June 29, 2018 | David F. Coppedge

What Your Cells Do For You

Until recently, we humans had no idea the complexity of the systems that keep us alive.

Nature creates its own plaster to protect wounds from infection (Medical Xpress). A cut in the skin can start a deadly infection if not closed quickly. This article explains how the body makes a temporary plaster cast of fibrin molecules that coil around red blood cells to seal off a wound quickly before reconstruction of the tissue begins.

Scientists have found that a protein film forms rapidly over a wound as part of the natural clotting process, and it provides protection for at least 12 hours.

They believe this bio-film gives the immune system time to marshal its defences to deal with any infection.

‘Walking molecules” haul away damaged DNA to the cell’s emergency room (Phys.org). Emergency room? Walking molecules? Yes; the emergency room for damaged DNA is right at the nuclear pore, a very complex gateway to the nucleus (see it described on Evolution News). Myosin motors are the walking molecules that carry broken DNA to these locations for repair. The language of the article is intelligently designed to help readers relate to other things they know are intelligently designed: emergency health systems.

The scientists found that after the DNA strands are broken, the cell prompts a series of threads— nuclear actin filaments— to assemble and create a temporary highway to the edge of the nucleus. Then come the paramedics—proteins known as myosins.

“Myosins are conveyed as a walking molecule because they have two legs. One is attached and the other moves. It’s like a molecular machine that walks along the filaments.”

The myosins pick up the injured DNA, walk along the filament road and then reach the emergency room, a pore at the periphery of the nucleus.

“We knew, based on our prior study, that there was an emergency room—the nuclear pore where the cell fixes its broken DNA strands. Now, we have discovered how the damaged DNA travels there” Chiolo said. “What we think is happening here is that the damage triggers a defense mechanism that quickly builds the road, the actin filament, while also turning on an ambulance, the myosin.”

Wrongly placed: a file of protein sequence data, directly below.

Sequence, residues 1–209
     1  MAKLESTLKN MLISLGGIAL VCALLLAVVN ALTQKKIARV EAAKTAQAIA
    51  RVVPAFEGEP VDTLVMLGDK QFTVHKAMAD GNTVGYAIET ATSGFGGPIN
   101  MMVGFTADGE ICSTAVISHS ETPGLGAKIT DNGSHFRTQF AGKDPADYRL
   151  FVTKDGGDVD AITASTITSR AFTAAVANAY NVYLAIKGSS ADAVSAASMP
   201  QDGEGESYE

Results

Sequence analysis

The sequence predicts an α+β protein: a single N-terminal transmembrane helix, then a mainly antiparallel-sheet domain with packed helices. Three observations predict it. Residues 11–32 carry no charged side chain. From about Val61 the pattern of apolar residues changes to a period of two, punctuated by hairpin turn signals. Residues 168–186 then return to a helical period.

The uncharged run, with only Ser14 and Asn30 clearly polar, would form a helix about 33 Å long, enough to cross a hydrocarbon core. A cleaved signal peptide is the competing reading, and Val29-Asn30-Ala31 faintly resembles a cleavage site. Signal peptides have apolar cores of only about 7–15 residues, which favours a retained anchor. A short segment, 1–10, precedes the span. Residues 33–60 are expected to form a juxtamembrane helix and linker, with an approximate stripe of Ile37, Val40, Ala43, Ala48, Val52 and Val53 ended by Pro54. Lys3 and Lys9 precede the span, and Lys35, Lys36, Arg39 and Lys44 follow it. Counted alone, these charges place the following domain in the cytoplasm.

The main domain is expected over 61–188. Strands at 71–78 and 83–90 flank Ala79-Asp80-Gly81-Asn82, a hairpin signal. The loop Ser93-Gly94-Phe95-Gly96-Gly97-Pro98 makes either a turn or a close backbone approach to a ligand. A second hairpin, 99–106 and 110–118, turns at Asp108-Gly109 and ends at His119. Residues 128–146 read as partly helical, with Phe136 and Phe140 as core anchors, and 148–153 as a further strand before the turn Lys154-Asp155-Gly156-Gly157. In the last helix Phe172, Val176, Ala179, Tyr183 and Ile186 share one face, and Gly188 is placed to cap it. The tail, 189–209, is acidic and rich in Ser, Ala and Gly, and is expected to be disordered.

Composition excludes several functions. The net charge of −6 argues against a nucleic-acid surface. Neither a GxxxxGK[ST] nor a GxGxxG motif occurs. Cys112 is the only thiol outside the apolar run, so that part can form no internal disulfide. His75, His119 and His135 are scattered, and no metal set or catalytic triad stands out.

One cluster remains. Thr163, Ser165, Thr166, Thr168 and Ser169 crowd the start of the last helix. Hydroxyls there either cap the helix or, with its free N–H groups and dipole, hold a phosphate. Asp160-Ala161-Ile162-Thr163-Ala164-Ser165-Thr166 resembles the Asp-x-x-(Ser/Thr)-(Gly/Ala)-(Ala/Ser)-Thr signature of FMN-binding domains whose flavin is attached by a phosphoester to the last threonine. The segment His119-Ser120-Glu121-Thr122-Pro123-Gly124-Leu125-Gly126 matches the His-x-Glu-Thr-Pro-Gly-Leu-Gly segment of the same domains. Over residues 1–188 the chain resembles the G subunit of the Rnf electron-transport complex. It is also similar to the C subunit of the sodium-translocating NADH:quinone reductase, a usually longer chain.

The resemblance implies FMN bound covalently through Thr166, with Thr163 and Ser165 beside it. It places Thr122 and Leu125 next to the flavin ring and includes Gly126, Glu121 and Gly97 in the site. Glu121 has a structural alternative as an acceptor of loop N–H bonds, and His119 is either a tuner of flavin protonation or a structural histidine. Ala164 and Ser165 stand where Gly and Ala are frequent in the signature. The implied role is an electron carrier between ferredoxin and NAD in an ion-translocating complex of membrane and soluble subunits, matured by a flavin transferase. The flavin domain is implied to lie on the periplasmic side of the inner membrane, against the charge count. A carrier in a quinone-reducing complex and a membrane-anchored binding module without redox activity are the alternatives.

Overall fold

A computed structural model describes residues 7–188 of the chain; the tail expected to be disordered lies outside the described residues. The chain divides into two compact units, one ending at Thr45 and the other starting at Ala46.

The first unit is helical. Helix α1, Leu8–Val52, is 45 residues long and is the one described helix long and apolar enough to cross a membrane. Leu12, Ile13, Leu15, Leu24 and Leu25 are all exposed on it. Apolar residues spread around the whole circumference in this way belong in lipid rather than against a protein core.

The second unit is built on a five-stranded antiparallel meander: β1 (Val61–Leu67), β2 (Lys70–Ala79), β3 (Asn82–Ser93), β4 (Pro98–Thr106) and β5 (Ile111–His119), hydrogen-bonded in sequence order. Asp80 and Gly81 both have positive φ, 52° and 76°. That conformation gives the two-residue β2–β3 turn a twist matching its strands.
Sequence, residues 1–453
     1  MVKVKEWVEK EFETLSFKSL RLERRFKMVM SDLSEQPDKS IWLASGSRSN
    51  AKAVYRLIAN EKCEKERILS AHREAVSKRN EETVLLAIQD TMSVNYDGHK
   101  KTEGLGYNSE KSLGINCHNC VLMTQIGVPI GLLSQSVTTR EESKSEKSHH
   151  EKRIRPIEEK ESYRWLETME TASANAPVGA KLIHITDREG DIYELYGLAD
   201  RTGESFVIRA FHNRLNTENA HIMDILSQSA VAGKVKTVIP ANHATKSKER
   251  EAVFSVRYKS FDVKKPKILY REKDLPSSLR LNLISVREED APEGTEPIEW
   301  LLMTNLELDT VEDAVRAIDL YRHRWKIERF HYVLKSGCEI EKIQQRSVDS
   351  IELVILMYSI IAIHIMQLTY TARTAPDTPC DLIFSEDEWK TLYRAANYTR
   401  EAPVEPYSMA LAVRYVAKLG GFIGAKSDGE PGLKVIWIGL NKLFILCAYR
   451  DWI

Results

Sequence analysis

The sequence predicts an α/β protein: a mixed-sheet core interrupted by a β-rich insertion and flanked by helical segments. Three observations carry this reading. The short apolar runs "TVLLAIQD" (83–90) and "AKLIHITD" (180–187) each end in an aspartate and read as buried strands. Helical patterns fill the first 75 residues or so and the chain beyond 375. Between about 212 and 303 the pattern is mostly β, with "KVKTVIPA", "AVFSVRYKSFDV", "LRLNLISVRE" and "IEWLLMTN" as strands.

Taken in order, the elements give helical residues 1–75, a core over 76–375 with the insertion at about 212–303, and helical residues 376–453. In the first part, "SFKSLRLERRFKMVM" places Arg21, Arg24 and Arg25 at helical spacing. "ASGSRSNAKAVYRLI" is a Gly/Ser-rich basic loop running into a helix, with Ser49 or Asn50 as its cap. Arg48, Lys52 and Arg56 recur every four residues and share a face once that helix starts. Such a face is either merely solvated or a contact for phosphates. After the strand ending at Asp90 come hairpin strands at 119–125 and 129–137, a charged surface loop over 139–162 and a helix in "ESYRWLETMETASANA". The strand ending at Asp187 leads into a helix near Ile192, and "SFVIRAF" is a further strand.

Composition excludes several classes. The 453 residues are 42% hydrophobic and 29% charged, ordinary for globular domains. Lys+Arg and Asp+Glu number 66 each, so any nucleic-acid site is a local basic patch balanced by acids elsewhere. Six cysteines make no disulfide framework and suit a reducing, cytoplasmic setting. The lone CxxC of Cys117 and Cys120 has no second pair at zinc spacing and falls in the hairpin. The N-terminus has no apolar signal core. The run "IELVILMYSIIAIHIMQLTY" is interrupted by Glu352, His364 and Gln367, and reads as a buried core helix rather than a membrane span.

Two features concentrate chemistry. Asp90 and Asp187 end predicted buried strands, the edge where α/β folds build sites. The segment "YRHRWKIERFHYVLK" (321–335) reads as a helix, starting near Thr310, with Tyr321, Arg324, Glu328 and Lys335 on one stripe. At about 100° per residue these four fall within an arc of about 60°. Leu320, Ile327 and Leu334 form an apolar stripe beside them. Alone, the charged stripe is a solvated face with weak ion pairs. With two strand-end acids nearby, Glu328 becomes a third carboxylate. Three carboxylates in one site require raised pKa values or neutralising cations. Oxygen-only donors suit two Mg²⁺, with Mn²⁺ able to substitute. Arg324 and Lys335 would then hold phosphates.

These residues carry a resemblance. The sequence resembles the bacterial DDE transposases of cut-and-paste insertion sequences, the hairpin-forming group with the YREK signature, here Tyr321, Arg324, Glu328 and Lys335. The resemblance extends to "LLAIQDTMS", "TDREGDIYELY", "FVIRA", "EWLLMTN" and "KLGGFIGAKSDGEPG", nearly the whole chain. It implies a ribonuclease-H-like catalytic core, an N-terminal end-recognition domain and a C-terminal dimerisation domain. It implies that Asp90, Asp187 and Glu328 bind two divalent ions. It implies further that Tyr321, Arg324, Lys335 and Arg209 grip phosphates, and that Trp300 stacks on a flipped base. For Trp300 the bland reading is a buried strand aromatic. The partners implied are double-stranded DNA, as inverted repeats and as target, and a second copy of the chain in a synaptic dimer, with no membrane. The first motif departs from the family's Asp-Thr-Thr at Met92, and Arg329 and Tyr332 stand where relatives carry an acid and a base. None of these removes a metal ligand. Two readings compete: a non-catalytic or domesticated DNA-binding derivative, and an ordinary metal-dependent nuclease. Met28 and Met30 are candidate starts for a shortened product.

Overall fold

Developmental Biology: Neurons That Divide Together Wire Together (Current Biology). Are home theater systems intelligently designed? If so, you can understand the analogy made by two writers for this dispatch about biological networks of neurons.

If you have ever assembled an elaborate home entertainment system, you are likely familiar with how challenging it can be not only to plug all of the wiring into the correct ports, but also to make sure that the setup is space-efficient, modular, and reproducible. Yet this task is analogous to a problem all developing nervous systems must solve on a much larger scale: the adult human central nervous system, for example, is estimated to have hundreds of trillions of synapses. What developmental strategies do nervous systems use to wire complex circuits? A recent study by Pinto-Teixeira et al., along with two related studies, illustrates how simple developmental processes can be combined to produce, differentiate, and wire a large population of neurons with complex synaptic connections ….

The word “simple” must be taken in context. No neuron is simple! Neurons are loaded with complex specified information, molecular machines and hierarchical networks. Neurons are made in such a way, though, where they can connect to other neurons quickly and easily. That may sound “simple,” but how do neurons know where to connect? In your home entertainment system, you can’t just connect wires at random! Examining the process in a human eye or brain would be too challenging, so these scientists looked to the humble fruit fly to attempt to get their minds around neural network construction.

How do T4 and T5 neurons find their targets within the retinotopic map? On the basis of both clonal analysis and live imaging of developing neurons, Pinto-Teixeira et al. suggest that birth location and timing are critical for targeting T4 and T5 dendrites and axons to the appropriate retinotopic map positions. The relative birth positions of T4 and T5 correlate with the dorsoventral organization of their projections, whereas birth timing correlates with anteroposterior organization. Posterior visual fields map onto earlier-born T4 and T5 neurons, while anterior visual fields map onto later-born T4 and T5 neurons. Critically, the columnar neurons in the medulla that define the retinotopic array display the same correlation between birth timing and anteroposterior organization. These observations suggest that, as T4 and T5 neurons are born, they target the most recently-born upstream columns. Taken together, this combination of birth location and timing, as well as the shared lineage of T4 and T5 subtypes receiving signals from the same point in visual space, form a complement of simple developmental strategies that solve a complex wiring problem.

Got that? Don’t worry; it won’t be on the test. There will just be one question: “True or false: fruit fly retinotopic map networks illustrate intelligent design.”

Have you thanked your Maker yet today? Now you have some specific things you can praise Him for.



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